Following its completion, the movie jumps ahead a hundred years to Vienna, where the instrument has come into the possession of an orphanage, and one particular child named Kaspar (Christoph Koncz) seems to have mastered the musical language capable of reverberating from its strings. The skill he possesses so impresses a man named Anton von Spielmann (Florentin Groll) that he adopts the boy almost on sight. His goal: train and develop Kaspar into a master violinist that would impress even the heads of state. But is Kasper, so young and agile, really strong enough to meet those demands, even with a perfect violin at his side?
The trend of uncertain fate continues through other eras and cultures. A musician in Oxford comes to acquire the violin in a later story and uses it as a way of luring a woman into a passionate love affair. Later still, it arrives in the hands of a collector of western instruments living in communist China, where he must hide it from a government that rejects the influence of outside cultures and sees their endeavors as threats to a revolution. His death, alas, means the Chinese will inevitably come into possession of it and varying other string instruments collected through time, and the collection is then relinquished to an auction house in Canada where, after being carefully studied and researched by a violin expert named Charles Morritz (Samuel L. Jackson), it is auctioned off to a crowd of eager bidders with important secrets.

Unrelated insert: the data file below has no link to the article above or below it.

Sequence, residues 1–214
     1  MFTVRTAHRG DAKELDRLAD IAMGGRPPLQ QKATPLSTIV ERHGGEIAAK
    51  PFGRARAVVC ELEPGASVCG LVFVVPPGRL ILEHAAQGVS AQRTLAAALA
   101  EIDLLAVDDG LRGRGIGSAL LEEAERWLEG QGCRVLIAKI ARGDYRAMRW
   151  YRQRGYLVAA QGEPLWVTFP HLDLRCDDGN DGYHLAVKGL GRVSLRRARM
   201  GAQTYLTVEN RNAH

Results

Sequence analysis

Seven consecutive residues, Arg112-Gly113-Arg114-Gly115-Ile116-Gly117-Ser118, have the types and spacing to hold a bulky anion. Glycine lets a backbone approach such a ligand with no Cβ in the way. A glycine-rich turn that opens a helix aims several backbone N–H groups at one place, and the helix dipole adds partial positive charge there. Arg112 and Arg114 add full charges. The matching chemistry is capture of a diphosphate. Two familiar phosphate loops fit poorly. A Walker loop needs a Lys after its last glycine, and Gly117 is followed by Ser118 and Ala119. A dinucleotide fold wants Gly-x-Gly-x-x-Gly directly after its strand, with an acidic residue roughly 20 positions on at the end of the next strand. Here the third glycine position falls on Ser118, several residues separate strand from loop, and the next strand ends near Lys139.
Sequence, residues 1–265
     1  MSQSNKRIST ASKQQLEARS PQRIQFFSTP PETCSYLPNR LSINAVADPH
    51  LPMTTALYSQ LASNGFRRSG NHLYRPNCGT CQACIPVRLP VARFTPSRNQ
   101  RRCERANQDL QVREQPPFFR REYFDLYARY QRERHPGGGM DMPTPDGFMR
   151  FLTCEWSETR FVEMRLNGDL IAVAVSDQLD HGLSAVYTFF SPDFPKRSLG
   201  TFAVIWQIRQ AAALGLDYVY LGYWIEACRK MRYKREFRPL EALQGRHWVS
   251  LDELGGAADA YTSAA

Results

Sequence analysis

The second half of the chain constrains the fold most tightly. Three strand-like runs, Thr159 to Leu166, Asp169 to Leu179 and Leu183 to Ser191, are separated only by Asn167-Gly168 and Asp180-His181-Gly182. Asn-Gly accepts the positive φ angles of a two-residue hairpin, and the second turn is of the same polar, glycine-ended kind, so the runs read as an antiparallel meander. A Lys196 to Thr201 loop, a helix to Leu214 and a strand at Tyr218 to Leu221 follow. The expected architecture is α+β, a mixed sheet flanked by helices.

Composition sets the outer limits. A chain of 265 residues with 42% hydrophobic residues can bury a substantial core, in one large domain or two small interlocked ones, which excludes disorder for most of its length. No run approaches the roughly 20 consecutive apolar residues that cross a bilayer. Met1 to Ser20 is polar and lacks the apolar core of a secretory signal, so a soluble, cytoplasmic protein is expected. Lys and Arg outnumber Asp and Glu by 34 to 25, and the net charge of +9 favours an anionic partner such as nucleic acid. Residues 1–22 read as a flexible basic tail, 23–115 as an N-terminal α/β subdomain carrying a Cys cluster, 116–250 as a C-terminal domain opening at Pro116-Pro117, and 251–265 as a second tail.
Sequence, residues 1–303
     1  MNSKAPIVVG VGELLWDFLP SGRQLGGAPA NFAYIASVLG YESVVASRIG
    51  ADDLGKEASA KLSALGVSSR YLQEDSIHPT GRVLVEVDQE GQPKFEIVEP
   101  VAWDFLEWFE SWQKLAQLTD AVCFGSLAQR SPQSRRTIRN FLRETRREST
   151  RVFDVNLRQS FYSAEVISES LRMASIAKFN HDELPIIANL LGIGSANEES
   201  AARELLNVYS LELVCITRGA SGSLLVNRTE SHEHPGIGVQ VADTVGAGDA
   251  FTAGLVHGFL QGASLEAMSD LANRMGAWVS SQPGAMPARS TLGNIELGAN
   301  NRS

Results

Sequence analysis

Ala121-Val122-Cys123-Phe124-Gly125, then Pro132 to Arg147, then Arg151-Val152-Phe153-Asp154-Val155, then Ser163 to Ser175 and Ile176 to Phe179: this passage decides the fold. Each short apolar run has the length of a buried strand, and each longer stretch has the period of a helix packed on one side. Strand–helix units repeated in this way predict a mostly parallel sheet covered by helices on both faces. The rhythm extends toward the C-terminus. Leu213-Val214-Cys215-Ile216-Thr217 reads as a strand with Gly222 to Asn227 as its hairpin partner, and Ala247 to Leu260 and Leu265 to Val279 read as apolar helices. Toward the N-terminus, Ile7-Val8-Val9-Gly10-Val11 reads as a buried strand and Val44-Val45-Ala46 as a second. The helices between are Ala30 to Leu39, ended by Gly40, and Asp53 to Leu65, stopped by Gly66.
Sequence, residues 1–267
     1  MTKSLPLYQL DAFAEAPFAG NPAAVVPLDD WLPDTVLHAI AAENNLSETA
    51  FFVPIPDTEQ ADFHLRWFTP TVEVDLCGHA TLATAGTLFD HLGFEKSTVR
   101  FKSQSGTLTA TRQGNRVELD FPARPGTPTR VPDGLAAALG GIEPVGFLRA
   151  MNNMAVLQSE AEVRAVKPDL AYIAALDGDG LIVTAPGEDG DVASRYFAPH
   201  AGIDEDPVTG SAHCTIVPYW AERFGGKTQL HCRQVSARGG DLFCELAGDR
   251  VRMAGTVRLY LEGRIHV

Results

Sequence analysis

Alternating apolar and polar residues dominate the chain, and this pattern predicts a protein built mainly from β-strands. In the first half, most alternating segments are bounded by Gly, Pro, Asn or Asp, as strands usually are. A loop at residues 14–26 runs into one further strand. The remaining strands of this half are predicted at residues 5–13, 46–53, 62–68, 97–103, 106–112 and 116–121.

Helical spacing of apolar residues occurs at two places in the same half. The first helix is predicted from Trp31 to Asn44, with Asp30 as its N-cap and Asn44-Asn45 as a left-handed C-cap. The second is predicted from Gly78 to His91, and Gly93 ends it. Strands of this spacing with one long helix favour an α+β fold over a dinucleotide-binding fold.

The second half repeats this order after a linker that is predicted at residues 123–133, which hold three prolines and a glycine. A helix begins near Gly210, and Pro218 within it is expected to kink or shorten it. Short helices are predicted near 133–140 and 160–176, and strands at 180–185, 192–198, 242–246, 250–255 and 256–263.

The two threads that keep the movie progressing forward come in the form of a pair of key sequences that are sliced in segments and then revealed in increments between each of the narrative pieces. In the first, Bussotti’s wife Anna, uncertain of her fate after pregnancy, seeks the wise words of a tarot reader whose proclamations have less to do with her own life and reveal more about trajectory the violin itself will take. In the latter, an auction in Canada gets underway just as the Red Violin will go up for purchase, and the bidders are slowly revealed to be descendants from characters featured prominently in the preceding arcs. In both instances, what the screenplay does is create a building tension in the importance of these events with precise (and convincing) foreshadowing. Considering the intricate nature of all this material, however, the direction is not haphazard like one might suspect; in fact, it’s rather fluid and consistent at giving its audience the full ride without them falling off the rhythm. Each of the stories holds its own weight and would be stirring even in isolated circumstances; together, they swell into a menagerie of sophisticated emotions that keep us gripped.